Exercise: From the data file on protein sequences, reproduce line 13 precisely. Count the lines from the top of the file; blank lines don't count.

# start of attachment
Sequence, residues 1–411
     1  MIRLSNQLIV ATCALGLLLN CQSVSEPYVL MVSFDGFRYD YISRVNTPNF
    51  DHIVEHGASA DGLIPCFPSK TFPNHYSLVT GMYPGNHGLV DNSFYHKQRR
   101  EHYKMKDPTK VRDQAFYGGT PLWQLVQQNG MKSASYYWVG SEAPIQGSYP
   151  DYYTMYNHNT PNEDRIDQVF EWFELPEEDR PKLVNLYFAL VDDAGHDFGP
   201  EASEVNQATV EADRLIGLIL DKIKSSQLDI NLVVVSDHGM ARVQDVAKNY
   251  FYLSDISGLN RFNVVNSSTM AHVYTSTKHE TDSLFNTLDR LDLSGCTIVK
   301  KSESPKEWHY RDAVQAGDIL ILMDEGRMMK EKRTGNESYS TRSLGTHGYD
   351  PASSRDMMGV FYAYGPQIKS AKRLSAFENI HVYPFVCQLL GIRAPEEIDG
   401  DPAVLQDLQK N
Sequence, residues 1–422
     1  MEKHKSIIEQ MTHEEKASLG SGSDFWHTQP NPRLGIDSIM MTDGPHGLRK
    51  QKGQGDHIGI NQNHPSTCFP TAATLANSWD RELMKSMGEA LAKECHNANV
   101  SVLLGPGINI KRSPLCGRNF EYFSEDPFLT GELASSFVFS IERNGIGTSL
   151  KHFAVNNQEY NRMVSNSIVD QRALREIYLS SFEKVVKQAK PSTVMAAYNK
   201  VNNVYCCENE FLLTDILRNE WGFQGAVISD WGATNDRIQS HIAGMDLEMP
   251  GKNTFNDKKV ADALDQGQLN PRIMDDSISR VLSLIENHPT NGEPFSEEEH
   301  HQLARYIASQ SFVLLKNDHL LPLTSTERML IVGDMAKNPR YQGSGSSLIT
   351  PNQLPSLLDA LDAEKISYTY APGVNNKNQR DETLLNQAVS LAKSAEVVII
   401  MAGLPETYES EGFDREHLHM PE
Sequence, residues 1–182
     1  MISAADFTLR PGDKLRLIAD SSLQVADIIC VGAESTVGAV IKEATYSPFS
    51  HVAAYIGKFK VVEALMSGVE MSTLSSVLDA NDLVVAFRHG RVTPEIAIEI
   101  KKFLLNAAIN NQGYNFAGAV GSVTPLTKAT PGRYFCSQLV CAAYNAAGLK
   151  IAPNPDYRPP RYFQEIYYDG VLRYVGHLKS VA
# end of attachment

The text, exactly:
    51  QKGQGDHIGI NQNHPSTCFP TAATLANSWD RELMKSMGEA LAKECHNANV